Though the music scene has been an abundance of bands that using the prefix of ‘Wolf’ in its names over the past few years, there is a new band that takes on the name of our favorite furry predators. The British-based band Wolf People are doing the hunting rather than being the hunted. With a new album, Steeple, coming out on October 12 on Jagjaguwar, the band blends together the sound of ‘60s rock and folk along with some groovy melodies. Recently, Bestnewbands.com caught up with the band to discuss their musical backgrounds, what they think of being the first British band signed to their new label and why they decided to record Steeple in a 17th century Welsh Mansion.
When did you start playing music? Were you forced or did you see music as an outlet to express your emotions?
Jack Sharp (vocals/guitar): I never got lessons or got forced by my parents, so I suppose it was always a distraction from the things I didn’t want to do. And it still is. I started playing the guitar at 13, and was in bands with Tom when we were teenagers. I stopped for years when I was 20, making hip-hop and attempting to DJ, I was pretty lousy at both. I started playing properly again about five years ago.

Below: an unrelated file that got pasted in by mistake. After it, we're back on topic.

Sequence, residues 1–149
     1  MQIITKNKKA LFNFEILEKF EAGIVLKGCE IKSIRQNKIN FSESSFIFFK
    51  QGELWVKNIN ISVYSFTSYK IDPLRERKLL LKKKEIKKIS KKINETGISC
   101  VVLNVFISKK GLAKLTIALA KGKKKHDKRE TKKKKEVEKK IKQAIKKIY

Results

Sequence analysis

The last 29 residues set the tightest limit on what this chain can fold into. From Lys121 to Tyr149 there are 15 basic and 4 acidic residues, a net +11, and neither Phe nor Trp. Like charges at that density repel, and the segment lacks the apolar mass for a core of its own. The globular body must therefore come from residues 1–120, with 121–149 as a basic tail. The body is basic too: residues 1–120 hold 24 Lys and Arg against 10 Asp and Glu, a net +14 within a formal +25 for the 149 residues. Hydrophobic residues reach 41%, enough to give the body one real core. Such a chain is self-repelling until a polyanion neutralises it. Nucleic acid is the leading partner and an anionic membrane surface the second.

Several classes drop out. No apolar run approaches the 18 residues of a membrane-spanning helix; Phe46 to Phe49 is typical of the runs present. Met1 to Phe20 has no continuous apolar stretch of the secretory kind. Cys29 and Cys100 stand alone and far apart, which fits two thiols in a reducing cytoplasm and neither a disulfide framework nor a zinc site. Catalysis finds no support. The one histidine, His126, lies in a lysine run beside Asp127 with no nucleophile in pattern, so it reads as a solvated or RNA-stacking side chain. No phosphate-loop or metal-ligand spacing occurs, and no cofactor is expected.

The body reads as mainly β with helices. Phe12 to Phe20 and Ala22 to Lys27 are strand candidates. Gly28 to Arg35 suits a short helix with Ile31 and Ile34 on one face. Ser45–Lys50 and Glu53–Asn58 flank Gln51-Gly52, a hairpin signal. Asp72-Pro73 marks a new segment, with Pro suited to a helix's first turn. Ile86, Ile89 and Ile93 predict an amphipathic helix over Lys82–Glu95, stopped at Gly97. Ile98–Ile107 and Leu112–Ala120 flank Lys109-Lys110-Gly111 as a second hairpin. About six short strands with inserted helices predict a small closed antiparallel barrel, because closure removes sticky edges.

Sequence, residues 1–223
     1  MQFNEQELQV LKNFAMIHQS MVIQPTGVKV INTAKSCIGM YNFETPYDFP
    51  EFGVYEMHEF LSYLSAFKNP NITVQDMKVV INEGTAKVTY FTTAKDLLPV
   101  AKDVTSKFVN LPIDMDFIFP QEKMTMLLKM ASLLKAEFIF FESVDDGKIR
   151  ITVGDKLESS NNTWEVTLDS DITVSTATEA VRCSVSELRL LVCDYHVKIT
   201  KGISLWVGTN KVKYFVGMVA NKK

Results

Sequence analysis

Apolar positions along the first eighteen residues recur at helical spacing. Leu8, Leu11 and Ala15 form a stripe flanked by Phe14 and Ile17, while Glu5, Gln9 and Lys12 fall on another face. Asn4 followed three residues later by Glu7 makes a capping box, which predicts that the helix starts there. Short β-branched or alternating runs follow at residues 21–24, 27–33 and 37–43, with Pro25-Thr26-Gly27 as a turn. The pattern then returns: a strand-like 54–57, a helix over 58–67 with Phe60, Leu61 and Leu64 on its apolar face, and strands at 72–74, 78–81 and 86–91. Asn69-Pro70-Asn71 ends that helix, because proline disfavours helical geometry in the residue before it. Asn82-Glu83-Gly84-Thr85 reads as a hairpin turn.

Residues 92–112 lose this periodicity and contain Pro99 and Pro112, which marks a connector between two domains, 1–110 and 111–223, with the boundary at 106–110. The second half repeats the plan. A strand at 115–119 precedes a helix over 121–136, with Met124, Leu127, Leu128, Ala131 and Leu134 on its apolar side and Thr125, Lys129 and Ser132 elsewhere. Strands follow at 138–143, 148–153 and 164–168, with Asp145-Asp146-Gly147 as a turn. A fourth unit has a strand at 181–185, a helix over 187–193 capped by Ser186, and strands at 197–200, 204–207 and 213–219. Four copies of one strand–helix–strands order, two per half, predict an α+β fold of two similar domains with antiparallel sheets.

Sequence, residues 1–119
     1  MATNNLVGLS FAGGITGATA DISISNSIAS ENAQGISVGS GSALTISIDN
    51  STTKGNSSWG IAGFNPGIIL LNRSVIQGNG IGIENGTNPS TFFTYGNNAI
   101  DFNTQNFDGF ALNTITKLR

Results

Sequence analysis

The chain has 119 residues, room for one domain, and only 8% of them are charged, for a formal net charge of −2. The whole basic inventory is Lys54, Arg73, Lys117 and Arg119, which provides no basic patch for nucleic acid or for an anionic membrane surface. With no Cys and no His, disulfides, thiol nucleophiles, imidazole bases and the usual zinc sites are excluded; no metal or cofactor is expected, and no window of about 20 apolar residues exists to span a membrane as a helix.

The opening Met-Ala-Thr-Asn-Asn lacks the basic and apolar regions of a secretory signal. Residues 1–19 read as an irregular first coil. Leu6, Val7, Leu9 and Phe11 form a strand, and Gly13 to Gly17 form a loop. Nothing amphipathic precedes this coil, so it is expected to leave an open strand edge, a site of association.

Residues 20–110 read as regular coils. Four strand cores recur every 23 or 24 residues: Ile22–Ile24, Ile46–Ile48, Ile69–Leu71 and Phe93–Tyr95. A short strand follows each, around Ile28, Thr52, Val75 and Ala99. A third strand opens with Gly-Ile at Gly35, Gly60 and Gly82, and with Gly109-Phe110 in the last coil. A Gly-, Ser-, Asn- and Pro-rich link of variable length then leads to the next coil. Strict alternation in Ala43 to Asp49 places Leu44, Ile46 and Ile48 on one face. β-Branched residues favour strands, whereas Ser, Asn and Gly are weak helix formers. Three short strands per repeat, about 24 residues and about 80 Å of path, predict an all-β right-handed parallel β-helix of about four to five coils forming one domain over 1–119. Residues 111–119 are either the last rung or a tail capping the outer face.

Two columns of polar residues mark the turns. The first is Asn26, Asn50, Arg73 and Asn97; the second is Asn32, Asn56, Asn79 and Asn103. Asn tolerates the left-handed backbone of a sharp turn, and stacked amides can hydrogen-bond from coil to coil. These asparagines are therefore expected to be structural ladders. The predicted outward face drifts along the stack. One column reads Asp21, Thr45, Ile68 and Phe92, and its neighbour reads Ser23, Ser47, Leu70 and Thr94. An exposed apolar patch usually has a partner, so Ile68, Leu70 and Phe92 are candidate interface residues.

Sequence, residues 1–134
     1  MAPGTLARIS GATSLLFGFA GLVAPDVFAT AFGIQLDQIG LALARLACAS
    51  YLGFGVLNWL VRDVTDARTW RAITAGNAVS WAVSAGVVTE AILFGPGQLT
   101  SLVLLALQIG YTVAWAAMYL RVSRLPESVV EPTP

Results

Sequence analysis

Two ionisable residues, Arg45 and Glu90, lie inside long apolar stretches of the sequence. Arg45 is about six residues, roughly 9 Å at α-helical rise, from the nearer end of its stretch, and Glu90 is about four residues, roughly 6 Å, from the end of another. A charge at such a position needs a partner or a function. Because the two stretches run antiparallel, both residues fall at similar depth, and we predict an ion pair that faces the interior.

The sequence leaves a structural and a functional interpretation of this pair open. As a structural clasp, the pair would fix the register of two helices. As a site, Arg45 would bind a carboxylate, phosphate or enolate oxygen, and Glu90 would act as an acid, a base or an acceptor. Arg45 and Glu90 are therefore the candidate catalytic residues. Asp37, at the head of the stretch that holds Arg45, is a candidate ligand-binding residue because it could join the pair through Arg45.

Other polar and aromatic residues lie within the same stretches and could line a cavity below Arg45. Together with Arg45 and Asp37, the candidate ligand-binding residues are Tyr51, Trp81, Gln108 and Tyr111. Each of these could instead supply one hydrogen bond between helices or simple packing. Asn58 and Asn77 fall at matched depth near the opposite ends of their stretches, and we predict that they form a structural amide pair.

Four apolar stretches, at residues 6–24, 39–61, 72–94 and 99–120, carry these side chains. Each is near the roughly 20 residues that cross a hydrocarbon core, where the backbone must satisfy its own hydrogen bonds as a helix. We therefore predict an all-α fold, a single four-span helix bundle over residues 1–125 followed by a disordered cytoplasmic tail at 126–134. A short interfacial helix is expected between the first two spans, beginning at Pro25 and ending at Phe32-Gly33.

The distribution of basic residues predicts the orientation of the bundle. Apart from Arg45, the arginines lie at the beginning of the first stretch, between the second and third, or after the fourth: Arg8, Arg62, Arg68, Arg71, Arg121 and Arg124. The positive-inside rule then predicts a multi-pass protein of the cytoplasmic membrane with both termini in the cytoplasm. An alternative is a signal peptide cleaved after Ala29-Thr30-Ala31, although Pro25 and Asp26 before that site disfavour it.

Joe Hollick (guitar): I’ve played guitar since I was 4, I don’t know anything different, and been in bands since I was 16 and this is my ultimate band fantasy.
Dan Davies (bass): I did get kind of ‘sent’ to piano lessons. I couldn’t sight read very well and had to learn everything by ear, then someone was kind enough to lend me a bass. It was definitely a bit about outlet and expression I suppose, before that it was all comic books and building radio controlled cars and a bit too introverted; playing in bands you could join in with the older kids who knew about guitars and cool music.
When did you decide to make music a career? Has playing in bands always been a part of your life? Was there a particular concert or a ‘holy shit’ moment that made you realized this was what you were meant to do?
Sharp: Music isn’t a career for any of us and I don’t think it will be. Even if we were able to make a living I doubt we’d consider it a profession. That sucks the fun out of it.
We’ve always done music but not really with any ambition to become famous or change our lives at all, we just like writing and playing. Having a band and some records out helps to validate the time you spend on it.
You guys are the first British band to sign to Jagjaguwar, what does that lofty accomplishment mean to you guys? What makes the label a good fit for what you guys are trying to accomplish?
Sharp: I think we were after a label that wouldn’t interfere, but could offer us the right support as and when we needed it. We really landed on our feet with Jagjaguwar, and I think if Steeple is any good, it has a lot to do with the freedom and encouragement that they’ve offered us.
Their roster is amazing. They have a lot of respect for their artists, something which seems sorely lacking elsewhere in the industry.
One of the most interesting things I found about the album was that it was recorded in a 17th century Welsh mansion. Whose idea was that and how was the songwriting process influenced by the surroundings?